Missing the deadline doesn’t have to cause a midsummer night’s nightmare, but you do need to wake up and get into compliance.

It’s July. Some of you have celebrated Independence Day. Others have celebrated Canada Day. A lucky few may have made time to celebrate both. If your fiscal year ended on June 30, it’s time for your fresh fiscal start. If you’re on a calendar year, it’s time to assess progress toward annual goals and make any necessary mid-course corrections. But there’s another group out there who may have just realized they might have a U.S. Foreign Bank Account Reporting (FBAR) obligation that should have been filed by June 30.

Who Has to Report?

Here’s a quick look at who needed to report by June 30, 2015, and steps you should take if you were required to report but haven’t yet.

If you are a:

  • United States person that has a
  • Financial interest in or signature authority over
  • Foreign financial accounts,

You must file an FBAR if:

  • The aggregate maximum value of those foreign financial accounts
  • Exceeds $10,000
  • At any time during a calendar year.

The term “U.S. person” may cover more people than you think. It includes U.S. citizens, Green Card holders or U.S. residents, but it can also apply to foreign nationals. For example, a Canadian citizen or resident with U.S. citizenship may be required to file, as well as a Canadian citizen who is treated as a U.S. citizen for tax purposes due to the amount of time spent in the United States.

Another important thing to note in the definition is “signature authority.” Even if it’s not your money, you may have a filing requirement if you have the authority to move money in and out of the accounts. For instance, if you have signature authority over foreign accounts at work, you may have an FBAR reporting requirement.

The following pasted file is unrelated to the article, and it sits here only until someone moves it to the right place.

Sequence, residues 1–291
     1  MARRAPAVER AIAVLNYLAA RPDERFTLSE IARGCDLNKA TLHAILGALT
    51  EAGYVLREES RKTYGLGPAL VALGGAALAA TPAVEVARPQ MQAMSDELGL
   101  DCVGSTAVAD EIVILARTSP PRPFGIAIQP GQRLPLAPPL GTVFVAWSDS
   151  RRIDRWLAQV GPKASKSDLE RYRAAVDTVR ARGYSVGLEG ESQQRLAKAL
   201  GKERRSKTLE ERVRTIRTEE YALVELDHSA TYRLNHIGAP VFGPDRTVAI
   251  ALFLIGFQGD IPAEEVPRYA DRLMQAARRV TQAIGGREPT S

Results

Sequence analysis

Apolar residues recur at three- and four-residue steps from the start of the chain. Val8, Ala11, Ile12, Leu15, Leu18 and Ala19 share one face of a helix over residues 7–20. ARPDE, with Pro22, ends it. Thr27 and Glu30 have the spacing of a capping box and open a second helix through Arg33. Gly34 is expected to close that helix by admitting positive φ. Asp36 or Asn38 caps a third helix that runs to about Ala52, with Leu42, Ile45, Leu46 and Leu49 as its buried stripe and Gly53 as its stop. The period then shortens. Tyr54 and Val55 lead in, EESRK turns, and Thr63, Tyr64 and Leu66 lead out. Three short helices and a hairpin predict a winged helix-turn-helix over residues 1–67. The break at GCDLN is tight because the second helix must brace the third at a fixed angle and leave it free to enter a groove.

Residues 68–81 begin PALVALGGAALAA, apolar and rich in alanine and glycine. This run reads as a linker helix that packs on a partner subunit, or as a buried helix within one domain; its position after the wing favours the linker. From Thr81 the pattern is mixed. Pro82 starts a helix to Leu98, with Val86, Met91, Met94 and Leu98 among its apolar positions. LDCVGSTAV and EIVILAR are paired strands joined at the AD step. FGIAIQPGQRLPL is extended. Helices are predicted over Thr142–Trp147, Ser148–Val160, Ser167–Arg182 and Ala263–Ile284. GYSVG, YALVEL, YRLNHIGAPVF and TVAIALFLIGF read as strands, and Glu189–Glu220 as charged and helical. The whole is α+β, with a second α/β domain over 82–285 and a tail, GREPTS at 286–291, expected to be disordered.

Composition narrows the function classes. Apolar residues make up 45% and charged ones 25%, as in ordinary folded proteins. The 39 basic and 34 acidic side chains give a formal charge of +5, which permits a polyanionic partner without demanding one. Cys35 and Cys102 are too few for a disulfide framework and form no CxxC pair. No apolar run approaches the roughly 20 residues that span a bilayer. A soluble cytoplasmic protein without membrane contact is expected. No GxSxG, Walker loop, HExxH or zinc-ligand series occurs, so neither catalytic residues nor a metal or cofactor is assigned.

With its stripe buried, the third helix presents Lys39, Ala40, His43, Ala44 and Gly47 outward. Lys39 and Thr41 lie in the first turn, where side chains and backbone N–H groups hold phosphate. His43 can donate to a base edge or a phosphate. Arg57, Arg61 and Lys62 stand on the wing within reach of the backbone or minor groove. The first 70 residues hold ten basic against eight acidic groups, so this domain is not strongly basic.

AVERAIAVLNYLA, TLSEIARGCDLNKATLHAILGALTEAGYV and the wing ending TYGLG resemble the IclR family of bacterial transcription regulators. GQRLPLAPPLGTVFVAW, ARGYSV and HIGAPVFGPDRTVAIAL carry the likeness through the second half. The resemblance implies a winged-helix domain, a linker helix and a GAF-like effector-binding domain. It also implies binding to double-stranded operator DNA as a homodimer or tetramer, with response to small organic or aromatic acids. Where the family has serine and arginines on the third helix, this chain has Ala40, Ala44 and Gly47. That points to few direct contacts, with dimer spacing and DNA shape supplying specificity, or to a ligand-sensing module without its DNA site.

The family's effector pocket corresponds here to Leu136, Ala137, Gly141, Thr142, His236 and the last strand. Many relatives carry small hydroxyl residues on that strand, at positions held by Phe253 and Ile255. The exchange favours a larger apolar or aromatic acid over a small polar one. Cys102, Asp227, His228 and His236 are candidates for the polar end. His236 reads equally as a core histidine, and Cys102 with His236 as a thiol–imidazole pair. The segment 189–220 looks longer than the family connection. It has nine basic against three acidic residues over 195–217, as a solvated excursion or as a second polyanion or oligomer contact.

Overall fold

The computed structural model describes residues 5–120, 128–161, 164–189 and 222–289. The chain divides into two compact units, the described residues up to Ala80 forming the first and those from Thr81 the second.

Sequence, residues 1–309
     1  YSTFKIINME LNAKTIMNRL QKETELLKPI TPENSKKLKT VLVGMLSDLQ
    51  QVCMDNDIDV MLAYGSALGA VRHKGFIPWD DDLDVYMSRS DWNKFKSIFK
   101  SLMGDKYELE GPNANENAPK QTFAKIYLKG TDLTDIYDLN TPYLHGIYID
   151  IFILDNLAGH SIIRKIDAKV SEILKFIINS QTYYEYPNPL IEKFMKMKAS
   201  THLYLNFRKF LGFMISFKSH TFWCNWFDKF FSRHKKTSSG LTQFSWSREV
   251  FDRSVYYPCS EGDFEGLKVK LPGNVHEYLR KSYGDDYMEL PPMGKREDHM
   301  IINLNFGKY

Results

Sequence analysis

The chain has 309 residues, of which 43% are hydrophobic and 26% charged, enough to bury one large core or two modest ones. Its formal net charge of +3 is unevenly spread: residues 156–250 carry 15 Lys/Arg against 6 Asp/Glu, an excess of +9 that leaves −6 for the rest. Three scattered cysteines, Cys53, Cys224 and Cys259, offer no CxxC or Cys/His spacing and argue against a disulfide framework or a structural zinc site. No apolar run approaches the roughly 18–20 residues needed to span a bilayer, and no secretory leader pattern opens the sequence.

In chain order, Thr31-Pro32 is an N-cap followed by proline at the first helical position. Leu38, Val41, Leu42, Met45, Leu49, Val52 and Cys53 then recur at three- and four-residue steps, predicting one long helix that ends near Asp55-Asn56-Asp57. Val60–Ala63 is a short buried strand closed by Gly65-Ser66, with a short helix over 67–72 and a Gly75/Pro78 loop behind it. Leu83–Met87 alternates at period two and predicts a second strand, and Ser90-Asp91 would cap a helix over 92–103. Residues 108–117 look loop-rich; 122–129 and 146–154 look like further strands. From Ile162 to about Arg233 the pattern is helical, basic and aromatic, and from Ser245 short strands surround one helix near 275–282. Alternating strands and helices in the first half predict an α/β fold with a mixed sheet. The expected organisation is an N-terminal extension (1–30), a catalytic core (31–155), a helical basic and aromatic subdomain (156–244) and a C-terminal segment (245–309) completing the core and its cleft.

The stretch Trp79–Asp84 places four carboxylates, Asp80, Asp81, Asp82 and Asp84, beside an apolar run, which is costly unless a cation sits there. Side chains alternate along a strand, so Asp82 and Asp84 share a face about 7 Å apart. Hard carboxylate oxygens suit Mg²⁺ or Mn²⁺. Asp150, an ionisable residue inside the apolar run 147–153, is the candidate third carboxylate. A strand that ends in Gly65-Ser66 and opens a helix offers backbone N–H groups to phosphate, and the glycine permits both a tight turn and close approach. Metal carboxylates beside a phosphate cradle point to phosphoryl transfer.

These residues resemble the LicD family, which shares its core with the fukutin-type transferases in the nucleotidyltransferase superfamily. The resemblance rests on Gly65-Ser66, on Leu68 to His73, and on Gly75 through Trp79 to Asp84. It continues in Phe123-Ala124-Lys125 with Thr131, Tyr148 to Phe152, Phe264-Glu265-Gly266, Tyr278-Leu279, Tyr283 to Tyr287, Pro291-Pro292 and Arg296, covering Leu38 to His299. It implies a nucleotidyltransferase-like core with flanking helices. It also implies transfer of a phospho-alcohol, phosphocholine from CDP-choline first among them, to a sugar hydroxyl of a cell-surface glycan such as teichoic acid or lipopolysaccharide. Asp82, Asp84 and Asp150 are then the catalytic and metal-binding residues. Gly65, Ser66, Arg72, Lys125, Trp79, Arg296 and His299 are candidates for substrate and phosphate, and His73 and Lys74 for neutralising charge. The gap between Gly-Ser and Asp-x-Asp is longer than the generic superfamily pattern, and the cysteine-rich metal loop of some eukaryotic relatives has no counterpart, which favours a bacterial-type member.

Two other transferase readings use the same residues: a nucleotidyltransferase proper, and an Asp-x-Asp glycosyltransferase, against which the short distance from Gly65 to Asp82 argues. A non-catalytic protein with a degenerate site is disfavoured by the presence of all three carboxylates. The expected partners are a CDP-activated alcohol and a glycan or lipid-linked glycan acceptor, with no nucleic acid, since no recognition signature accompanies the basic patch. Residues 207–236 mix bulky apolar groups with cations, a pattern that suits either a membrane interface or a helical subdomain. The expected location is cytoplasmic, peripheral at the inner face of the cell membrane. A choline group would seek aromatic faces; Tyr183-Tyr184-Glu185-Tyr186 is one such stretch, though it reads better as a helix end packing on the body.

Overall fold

What If I Was Supposed to Report But Didn’t?

The penalties that may be assessed for the failure to file an FBAR can be severe, so it’s important to consult with a professional who is experienced in the area and understands the process in order to avoid some pitfalls for the unwary. At Freed Maxick, our first step to get you back in compliance is a fact-finding call to learn the specifics of your situation and help determine the appropriate path to get you back into compliance

Depending on your circumstances, the proper path to come back into compliance with FBAR rules could be to enter into one of the programs the IRS has made available, such as the “Offshore Voluntary Disclosure Program” (OVDP) or one of the two Streamlined Filing Compliance Procedures programs. 

It could also be filing the reports under the delinquent FBAR submission procedures. Your accountant should work with you to choose the program best suited for your specific facts and circumstances. 

Then, the next steps would be to gather the necessary info, coordinate the US tax filing positions with any tax filings in foreign jurisdictions that may be involved, and get all of the required filings prepared and submitted. If the failure to file stretches back several years, FBARs may be required as far back as 8 years (depending on the program used for submission), and there may also be an additional Foreign Account Tax Compliance Act (FATCA) obligation as far back as 2011.

FBARProfessional representation at this point is critical to make sure that you avoid a “quiet disclosure,” which could lead to significant unintended consequences with the IRS. It is important to get back in compliance with the law as quickly as possible, but if you don’t take some of the steps in the proper order you can wind up causing additional difficulty. Using a professional to guide you through the process is highly recommended, especially when the stakes are so high.

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